Stopping the pirates
Australians take out the dubious honour of being some of the top illegal downloaders of film and television content. A study commissioned by the Department of Communications reveals the top three factors which would discourage pirating are cheaper legitimate services, easier access to desired content, and content available locally at the same time as overseas. Changes in entertainment content business models could curb piracy, although efforts to reduce illegal downloading of Game of Thrones were only partially successful.
Tough on drugs?
Police in Durham, England have announced that they’ll no longer actively pursue small-scale cannabis growers, claiming this will divert resources to bigger priorities. But it’s unclear if this is actually a step towards decriminalisation of drugs, with Policing Minister Mike Penning reaffirming that growing cannabis can lead to imprisonment.
Closer to home, ABC2’s Australians on Drugs provides some raw perspectives on drug use, its impacts and what law enforcement and health professional are doing.
Canine colleagues on the Beat
One year ago, Australian sniffer dogs were assisting the AFP in the recovery of remains from the MH17 crash site in Ukraine. For their efforts, congratulations are in order for Bertie, Larry and Prue who have been sworn as Human Remains Detection Specialist Dogs with Queensland Police. Here’s to our four-legged friends playing a vital role in some very difficult policing work!
The death of Mullah Omar
Yesterday, Afghanistan confirmed that the Taliban leader Mullah Omar died two years ago in Pakistan. The announcement ends years of speculation about the Omar’s death, who hasn’t been publicly seen since the Taliban fell in 2001. See here for background to the man who’s making global headlines. As for his role in the extremist group, journalist Bette Dam, says that he was more of a figurehead: ‘there was no military strategy coming from Mullar Omar, not in 2001, not in 2005, not in 2010’.
Counter-Terrorism Strategy released
The Australian Government launched its new five-point Counter-Terrorism Strategy last week. Justice Minister Michael Keenan discusses the Strategy here (48 mins). While there has been some scholarly support, other experts argue that the document is a framework, not a strategy; it lacks clear priorities and directions for how its goals can be achieved.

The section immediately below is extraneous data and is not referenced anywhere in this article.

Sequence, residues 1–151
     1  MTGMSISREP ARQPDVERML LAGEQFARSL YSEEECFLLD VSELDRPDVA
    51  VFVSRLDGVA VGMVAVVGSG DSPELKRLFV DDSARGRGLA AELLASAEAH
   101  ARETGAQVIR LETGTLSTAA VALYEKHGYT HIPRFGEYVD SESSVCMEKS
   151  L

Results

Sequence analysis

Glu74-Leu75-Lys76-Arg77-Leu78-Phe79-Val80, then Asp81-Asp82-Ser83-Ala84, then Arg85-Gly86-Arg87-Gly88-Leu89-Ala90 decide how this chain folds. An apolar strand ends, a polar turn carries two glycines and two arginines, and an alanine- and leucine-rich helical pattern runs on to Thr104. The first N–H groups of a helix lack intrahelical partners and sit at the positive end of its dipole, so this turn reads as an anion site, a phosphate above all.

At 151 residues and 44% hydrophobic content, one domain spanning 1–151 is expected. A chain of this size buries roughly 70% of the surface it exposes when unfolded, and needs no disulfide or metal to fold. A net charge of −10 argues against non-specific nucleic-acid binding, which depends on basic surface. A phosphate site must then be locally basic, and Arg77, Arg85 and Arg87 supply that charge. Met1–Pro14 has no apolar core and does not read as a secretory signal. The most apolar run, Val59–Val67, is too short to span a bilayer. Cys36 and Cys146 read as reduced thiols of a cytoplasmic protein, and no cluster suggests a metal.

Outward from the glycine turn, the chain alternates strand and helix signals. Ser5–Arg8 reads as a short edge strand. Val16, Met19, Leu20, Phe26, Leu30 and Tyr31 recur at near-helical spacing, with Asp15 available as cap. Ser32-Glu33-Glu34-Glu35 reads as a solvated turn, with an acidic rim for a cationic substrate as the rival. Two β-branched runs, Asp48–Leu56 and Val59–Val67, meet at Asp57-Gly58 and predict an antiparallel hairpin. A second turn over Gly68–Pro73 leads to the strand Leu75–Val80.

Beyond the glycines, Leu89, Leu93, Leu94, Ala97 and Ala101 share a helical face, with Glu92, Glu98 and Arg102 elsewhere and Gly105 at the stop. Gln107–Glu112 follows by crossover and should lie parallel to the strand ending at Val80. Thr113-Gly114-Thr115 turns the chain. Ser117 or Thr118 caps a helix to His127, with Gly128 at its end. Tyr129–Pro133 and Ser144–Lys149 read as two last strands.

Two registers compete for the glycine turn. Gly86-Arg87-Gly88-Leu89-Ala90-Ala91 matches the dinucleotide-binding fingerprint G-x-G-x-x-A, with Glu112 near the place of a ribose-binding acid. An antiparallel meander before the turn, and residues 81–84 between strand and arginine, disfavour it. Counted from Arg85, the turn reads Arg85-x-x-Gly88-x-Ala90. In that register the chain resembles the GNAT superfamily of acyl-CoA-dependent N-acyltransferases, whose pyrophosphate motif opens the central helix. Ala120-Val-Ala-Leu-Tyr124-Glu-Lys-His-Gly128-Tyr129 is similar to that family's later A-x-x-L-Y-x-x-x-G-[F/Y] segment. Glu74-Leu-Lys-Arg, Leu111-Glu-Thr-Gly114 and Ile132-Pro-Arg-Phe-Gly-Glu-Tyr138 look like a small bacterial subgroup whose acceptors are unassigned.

While the UK’s drawn global attention for its strategy to prevent extremism in schools, Australia and the US have also made moves along this path. Responding to revelations that Islamist extremism was preached at lunchtimes in a Sydney school, the NSW Government’s announced an audit of all prayer groups in public schools. In the US, a software company is trialling a monitoring system that allows officials to pick up key words on school computers, including the acronym ‘YODO’ (You Only Die Once).
Facing the Bali bombers
SBS aired the first instalment of its two-part special, ‘Meet the Terrorists’, in which Jan Laczynski, a man who lost five friends in the Bali Bombings, sits down with perpetrators and victims of the attack. In explaining his involvement, Laczynski explains that ‘meeting a terrorist is the hardest thing you’ll ever do’.
Maritime piracy escalates in Southeast Asia
The International Maritime Bureau (IMB) reported a nearly 50% increase of piracy activity in Southeast Asia during the first half this year. This year’s incidents represent two thirds of the entire global piracy activity, which amounted to 134 attacks. As IMB’s data gives no sign of piracy incidents off the coast of Somalia, the Strait of Malacca emerges as the most concerning cross point for ships in Southeast Asia and the world.
Food prices in France sparked border roadblocks
More than one thousand French farmers obstructed roads from Spain and Germany trying to stop livestock and dairy products from entering France amid claims foreign competition has fuelled plunging food prices. The roadblocks also sparked tensions in the EU as Spanish and German unions urged Paris and Brussels to ensure goods could flow freely through Europe.
Thailand called to enhance response against human trafficking
The US Department of State Human Trafficking Report (PDF) rated Thailand yet again in Tier 3, that is, countries ‘whose governments do not fully comply with the minimum standards’ and ‘are not making significant efforts’ to comply with the Trafficking Victims Protection Act’s (TVPA) minimum standards. Amidst the shortcoming, Thailand’s Prime Minister Prayuth Chan-ocha said the country expects to be removed from the ‘black list’ next year. Malaysia, on the other hand, was upgraded from Tier 3 to Tier 2, drawing accusations of ‘politicisation’ of the rankings, amid trade talks between Kuala Lumpur and Washington.